For Abbott, a figure skating career of brilliance and tarnish

What to make of Jeremy Abbott’s competitive figure skating career, now that he used a Thursday interview on the icenetwork podcast, “Ice Talk,” to bring it to an official end?

He was a blend of unquestionable brilliance and baffling mediocrity, the latter covering many of his scintillating moments in a dull finish.

With four senior titles, Abbott is among the most decorated men’s skaters at the U.S. Championships.  In the past 65 years, only Todd Eldredge has won more national titles (six).  Abbott won all his in the International Judging System era; no other U.S. man has won more than two in that 12-season period, none more than one in the nine seasons since Abbott won his first.

Abbott skated like a world-beater at several of those U.S. Championships, none more so than 2010, when his performances were better than those of the medalists at the Vancouver Olympics a month later.

And he skated at various levels of back-in-the-pack inconsequence in all his global championships, none more so than those 2010 Olympics, when he was 15th (!) in the short program and ninth overall.

He could skate with exquisite refinement and beauty, never more so than in his free skate at the 2012 nationals, which I described thus in the Chicago Tribune:

“With a kaleidoscopic rainbow of subtly intricate movements to music from Muse's `Exogenesis Symphony,’ Abbott made a loud statement that he is the gold standard among current U.S. men, earning his third national title in four years by winning the short program and free skate all three times.”

And he could crash and burn, never more so than in the short program at the 2014 Olympics, when he fell so hard on a quadruple jump in the short program that just getting up and continuing proved praiseworthy and drew roars from the crowd.  Yet he would wind up 15th again (!!) in that short program and 12th overall, the worst Olympic finish by a reigning U.S. men’s champion since 1936.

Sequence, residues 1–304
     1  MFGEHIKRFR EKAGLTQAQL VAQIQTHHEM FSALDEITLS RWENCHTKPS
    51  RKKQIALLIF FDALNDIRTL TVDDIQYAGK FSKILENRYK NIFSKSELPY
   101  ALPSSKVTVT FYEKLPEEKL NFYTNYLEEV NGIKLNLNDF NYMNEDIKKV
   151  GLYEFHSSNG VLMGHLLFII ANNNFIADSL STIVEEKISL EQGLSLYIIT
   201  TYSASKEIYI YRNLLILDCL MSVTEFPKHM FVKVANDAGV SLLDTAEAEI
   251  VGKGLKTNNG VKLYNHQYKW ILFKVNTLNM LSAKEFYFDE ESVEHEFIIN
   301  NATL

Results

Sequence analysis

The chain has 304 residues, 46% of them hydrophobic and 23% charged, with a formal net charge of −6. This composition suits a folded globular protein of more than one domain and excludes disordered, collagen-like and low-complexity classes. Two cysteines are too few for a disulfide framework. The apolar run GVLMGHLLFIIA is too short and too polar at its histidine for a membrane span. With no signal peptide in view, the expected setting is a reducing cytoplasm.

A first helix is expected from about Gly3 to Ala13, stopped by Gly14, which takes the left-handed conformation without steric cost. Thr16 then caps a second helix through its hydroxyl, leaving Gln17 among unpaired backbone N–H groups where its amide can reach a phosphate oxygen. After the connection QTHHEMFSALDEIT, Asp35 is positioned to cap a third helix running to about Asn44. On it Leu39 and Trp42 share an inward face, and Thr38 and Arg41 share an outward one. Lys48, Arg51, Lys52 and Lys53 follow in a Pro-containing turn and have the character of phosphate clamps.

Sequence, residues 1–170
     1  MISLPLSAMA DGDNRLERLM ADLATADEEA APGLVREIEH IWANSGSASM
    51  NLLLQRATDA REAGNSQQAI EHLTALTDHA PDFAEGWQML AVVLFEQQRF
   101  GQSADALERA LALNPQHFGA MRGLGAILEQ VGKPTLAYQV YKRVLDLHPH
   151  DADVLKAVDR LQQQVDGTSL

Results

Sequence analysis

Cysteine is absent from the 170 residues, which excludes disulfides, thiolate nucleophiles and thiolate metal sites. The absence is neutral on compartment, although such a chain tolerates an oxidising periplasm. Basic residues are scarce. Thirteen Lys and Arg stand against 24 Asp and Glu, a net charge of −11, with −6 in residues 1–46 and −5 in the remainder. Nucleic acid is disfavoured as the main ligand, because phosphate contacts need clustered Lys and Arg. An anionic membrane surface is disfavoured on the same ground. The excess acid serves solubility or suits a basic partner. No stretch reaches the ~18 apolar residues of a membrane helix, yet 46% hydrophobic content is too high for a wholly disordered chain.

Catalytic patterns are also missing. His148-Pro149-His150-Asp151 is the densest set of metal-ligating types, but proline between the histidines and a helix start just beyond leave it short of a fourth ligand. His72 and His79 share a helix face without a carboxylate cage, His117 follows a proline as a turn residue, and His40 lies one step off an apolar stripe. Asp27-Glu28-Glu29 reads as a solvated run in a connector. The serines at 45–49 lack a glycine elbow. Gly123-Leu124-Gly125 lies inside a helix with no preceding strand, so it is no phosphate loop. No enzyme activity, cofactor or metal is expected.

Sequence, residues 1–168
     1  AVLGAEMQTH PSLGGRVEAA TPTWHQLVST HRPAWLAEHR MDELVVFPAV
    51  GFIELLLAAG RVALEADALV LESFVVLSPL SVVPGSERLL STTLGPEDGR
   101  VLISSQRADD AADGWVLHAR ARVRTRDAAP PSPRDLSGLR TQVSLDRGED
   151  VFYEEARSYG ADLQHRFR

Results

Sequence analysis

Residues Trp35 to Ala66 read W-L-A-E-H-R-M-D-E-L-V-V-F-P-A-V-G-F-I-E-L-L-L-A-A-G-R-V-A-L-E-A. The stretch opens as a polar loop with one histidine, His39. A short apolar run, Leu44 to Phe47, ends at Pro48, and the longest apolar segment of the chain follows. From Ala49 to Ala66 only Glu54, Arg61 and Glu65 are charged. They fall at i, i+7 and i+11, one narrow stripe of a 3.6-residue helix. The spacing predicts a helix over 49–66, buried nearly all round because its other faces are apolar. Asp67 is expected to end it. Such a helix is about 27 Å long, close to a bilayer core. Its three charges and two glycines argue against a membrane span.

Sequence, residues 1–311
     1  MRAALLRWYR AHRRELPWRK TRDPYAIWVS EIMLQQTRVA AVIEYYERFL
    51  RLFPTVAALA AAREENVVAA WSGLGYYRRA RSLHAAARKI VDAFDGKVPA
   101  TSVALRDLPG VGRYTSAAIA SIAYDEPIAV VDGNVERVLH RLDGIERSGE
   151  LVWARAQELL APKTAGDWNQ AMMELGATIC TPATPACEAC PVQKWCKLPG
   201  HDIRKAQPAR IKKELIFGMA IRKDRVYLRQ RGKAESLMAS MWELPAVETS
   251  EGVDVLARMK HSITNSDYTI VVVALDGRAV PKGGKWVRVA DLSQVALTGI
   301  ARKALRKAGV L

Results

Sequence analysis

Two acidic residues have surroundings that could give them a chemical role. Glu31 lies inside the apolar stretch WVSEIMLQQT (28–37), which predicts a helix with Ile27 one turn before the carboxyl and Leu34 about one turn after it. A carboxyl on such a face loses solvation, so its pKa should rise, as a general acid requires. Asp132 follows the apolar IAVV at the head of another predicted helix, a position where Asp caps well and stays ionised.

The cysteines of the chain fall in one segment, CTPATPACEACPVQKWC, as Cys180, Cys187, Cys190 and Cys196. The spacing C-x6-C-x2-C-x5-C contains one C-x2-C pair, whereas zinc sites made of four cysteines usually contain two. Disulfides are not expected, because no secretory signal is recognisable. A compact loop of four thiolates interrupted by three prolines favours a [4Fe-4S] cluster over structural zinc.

Only a month earlier, in the 2014 nationals at Boston, Abbott had rallied from two subpar seasons to do the best short program of his career, with confident athleticism to match his striking performance skills.  He was 28 then, the oldest man in the field, joking about being an old dog with new tricks.

To paraphrase “On the Waterfront:” He shoulda been a contendah.  But in two Olympics and five worlds, the only time he got remotely close to a medal was the 2010 worlds, finishing fifth (nine points from third) in a field watered down by the absence of five of the eight men who finished ahead of him in the 2010 Olympics.

"It's not that I have to prove to anyone that I'm a great skater," he said at the 2010 nationals. "I know what I can do."

Yet he had been 11th at worlds the two previous seasons.  When he did that as U.S. champion in 2009, it gave Abbott the distinction of having the lowest finish for the reigning U.S. champion at worlds since World War II.

Abbott tried everything to be the outstanding skater on the biggest international stages he was on the biggest national stage.  Bothered for years by sleep issues on the road, he brought a queen-sized air mattress to the 2014 Sochi Games.  As it turned out, the mattress would have better served as a cushion for his splats in the short programs of both the team event and individual event.

Frustration finally overcame Abbott publicly in Sochi.  Asked the inevitable question about why he came undone in global championships, he responded with a profane tirade that was completely out of character.

"I'm frickin' proud of what I've done and I'm not going to apologize for anything," he concluded.

Abbott’s final real competition would be the 2015 nationals, where a fifth place was his lowest finish in nine senior nationals appearances.

The highlight of his career, at 2010 nationals, remains among the highlights of my 37 years covering skating.

Not until Nathan Chen last January has a U.S. man won the title more convincingly and brilliantly in the IJS era than Abbott did in 2010.  His skating was terrific for any era.

At that nationals, all 21 of Abbott’s elements (including a quadruple jump and 12 triple jumps) deservedly received positive grades.  He routed Evan Lysacek, then reigning world champion and soon-to-be Olympic champion, by 27 points.

Abbott's free skate interpretation of the hauntingly powerful music from Saint-Saens’ “Organ” Symphony was a skater’s dream, the “total package,” seamlessly integrating confident athletic skills and consummate artistic sensitivity.  What Abbott had shown only in brief, intermittent glimpses over the previous two seasons had wondrously lasted for the nearly 7 ½ minutes of two programs in Spokane.

"That little nagging voice in the back of my head, when it told me I couldn't do it, I believed I couldn't," he said then. "I am learning I can tell that voice to shut up."

But it clearly never stopped ringing in his ears.